Twice in my lifetime conservatives, and particularly conservative Christians, have cried “Enough!” and overturned the political apple cart. One of them was this Tuesday just past. The other was 1980 and Ronald Reagan. To be clear I currently see no parallel between the men Reagan and Trump, but I do see parallels in the behavior of the electorate in their elections.
The thing about conservatives is this – we actually are nice and tolerant. We have things to do and do not want to spend our lives nit-picking every small political detail. We keep thinking, “Just let it go, God’s got this, they’ll eventually understand.” We don’t want a fight, we just want you to come in and enjoy a warm hearth.
But liberals keep pushing and pushing and pushing. They would rather stand in the cold and throw rocks at the house than come in, share some hot cocoa and join the fun. Yeah it’s annoying to hear the rocks thudding against the walls and we know we are going to have to patch and paint much sooner than we would like, but its a small price to pay. Eventually one of the rocks breaks a window. We sigh heavily, tape some cardboard in the window, after writing “Come in and have some cocoa” on the side that can be seen outside, and figure we’ll fix it come spring. Perturbed, the rocks start getting bigger and are thrown harder. Maybe we have to put out a few roof fires from flaming arrows before it’s too late. We try to make a show of how wonderful life is in our humble abode. We issue invitations as best we can amidst the volleys of rocks and arrows.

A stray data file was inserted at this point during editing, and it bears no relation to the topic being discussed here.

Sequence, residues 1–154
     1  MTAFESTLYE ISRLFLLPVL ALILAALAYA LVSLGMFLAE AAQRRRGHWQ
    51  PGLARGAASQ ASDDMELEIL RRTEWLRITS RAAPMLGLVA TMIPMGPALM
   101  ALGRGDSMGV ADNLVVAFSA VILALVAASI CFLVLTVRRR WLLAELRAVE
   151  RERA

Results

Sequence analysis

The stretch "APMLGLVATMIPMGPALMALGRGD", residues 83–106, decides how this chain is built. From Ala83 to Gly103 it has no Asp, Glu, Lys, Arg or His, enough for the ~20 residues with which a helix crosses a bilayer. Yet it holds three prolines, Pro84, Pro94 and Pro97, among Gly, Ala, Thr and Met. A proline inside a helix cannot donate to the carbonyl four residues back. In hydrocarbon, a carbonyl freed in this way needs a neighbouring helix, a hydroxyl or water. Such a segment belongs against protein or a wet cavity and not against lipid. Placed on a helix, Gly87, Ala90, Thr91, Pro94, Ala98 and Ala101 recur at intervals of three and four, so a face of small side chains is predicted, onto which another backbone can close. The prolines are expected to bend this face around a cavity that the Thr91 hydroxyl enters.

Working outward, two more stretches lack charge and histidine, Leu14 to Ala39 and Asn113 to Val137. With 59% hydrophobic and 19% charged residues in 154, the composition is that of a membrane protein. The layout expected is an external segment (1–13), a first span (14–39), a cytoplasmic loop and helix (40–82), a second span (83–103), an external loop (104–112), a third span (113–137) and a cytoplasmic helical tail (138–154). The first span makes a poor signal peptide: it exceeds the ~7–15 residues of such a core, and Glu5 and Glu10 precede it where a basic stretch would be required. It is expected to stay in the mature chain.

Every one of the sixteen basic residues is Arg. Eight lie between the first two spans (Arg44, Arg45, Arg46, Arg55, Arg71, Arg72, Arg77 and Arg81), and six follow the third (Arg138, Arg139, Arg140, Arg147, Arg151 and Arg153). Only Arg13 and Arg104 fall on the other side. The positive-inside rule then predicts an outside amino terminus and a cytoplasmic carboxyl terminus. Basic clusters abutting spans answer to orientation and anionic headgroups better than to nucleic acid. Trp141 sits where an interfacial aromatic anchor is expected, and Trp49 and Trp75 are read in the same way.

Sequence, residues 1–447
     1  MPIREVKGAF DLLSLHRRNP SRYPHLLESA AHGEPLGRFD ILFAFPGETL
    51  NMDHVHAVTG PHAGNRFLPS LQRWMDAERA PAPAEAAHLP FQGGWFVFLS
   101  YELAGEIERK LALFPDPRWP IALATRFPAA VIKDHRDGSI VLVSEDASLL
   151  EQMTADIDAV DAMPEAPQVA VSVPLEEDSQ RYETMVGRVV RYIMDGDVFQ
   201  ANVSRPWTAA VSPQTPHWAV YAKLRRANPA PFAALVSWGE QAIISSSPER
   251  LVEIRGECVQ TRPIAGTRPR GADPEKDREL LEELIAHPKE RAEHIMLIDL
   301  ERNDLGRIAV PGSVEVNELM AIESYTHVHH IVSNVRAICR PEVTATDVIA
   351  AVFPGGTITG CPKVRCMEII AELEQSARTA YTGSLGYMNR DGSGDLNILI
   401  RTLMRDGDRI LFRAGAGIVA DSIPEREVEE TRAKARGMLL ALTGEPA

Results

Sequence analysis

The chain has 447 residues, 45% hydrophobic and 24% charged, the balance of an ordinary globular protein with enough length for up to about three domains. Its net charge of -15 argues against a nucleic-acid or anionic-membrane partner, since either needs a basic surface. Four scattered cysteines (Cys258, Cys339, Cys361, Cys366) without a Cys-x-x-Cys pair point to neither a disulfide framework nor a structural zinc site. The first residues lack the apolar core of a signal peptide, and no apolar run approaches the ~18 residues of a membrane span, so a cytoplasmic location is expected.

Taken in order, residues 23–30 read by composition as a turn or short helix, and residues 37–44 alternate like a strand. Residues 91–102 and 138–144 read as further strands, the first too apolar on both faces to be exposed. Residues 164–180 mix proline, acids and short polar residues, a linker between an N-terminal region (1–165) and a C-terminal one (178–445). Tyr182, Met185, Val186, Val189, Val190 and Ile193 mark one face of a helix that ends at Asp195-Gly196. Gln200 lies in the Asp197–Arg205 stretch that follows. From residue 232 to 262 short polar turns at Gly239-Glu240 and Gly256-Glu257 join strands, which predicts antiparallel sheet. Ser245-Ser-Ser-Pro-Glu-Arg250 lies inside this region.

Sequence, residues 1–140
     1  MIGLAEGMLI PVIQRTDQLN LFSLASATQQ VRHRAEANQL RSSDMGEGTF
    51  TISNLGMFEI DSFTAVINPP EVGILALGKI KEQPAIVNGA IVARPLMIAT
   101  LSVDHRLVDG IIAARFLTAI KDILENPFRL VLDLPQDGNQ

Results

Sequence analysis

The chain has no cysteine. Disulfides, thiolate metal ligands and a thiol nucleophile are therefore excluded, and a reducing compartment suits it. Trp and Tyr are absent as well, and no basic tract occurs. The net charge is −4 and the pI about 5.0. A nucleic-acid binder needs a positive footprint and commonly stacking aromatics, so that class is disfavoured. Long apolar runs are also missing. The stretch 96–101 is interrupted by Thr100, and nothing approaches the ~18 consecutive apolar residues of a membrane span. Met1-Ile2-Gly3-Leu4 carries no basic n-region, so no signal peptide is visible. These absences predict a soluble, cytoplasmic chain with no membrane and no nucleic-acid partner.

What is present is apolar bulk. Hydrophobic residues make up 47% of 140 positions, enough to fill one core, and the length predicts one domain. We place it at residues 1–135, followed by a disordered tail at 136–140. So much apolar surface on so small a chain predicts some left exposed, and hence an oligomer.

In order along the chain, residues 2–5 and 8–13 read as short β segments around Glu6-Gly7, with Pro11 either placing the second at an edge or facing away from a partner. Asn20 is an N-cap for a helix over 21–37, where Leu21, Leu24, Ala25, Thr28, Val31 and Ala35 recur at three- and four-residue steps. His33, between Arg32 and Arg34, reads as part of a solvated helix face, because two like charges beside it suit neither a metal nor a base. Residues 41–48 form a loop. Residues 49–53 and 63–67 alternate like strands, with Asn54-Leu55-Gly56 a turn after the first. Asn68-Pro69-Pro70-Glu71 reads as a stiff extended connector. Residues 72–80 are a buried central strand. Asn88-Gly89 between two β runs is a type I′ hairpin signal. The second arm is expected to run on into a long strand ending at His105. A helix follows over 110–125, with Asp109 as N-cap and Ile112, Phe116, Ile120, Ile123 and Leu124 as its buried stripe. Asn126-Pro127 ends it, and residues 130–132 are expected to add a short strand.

But eventually it is just too much. So we leave our hearth and home and we venture to the voting both and we push the liberals back as far as we can. We still don’t want a fight, but we sure as heck are tired of being attacked. We still want the liberals to come home with us and share a meal, but we need some space to fix the windows and the walls and the roof.
Too profane for linking or embedding here, I think of the scene in Road House where Patrick Swayze tells his cadre of bouncers to be nice until it is time not to be nice. But more I think of Christ cleansing the Temple. Jesus preached and performed miracles. He invited and He cajoled. And yet so many failed to reply to His invitation and they just kept doing what they were doing. Eventually he had to fix His Father’s house.
Here’s the thing though – cleansing the Temple is not what fixed God’s house, it just set the repairs in motion. The outcome of Christ’s actions were His arrest, trial, scourging and crucifixion. Let me repeat that – the net result of Christ’s action in cleansing the courtyard of the Temple in Jerusalem was to get Himself crucified. It was the crucifixion and resurrection that were the real repairs, not the so-called “cleansing of the temple.”
Nothing got fixed this past week, and we dare not think so. Furthermore, any fixing that does happen will not happen in any apparent victory, it will happen in sacrifice. I wonder if we are willing to pay the price? See, I am terribly worried that the reason we got into this mess to begin with is that we have not been willing to sacrifice. We want the hearth and the cocoa, but we may let the paint stay chipped, the window cracked and the roof leaky if they’ll just leave us alone. But they only way they will ever leave us alone is if we turn them into us.
That’s what happened when Christ was crucified. We were transformed; we rediscovered the image of God that we had rejected; We were made His again – not our own. But note what that is like: [emphasis added]
I have been crucified with Christ; and it is no longer I who live, but Christ lives in me; and the life which I now live in the flesh I live by faith in the Son of God, who loved me and gave Himself up for me.
We don’t join Jesus at the hearth, we join Him on the cross. That is what it is going to take to actually get the house back in order – we have to get up on the cross with Jesus. This is no time for celebration, rather this is a time to pray the same prayer Jesus prayed before He went to the cross, “Not my will, but Thine.” Last Tuesday was no victory, it was just the creation of an opportunity. Taking advantage of that opportunity is far harder than any election ever.
This is a good Sunday to go to church and lay it all on the altar before God.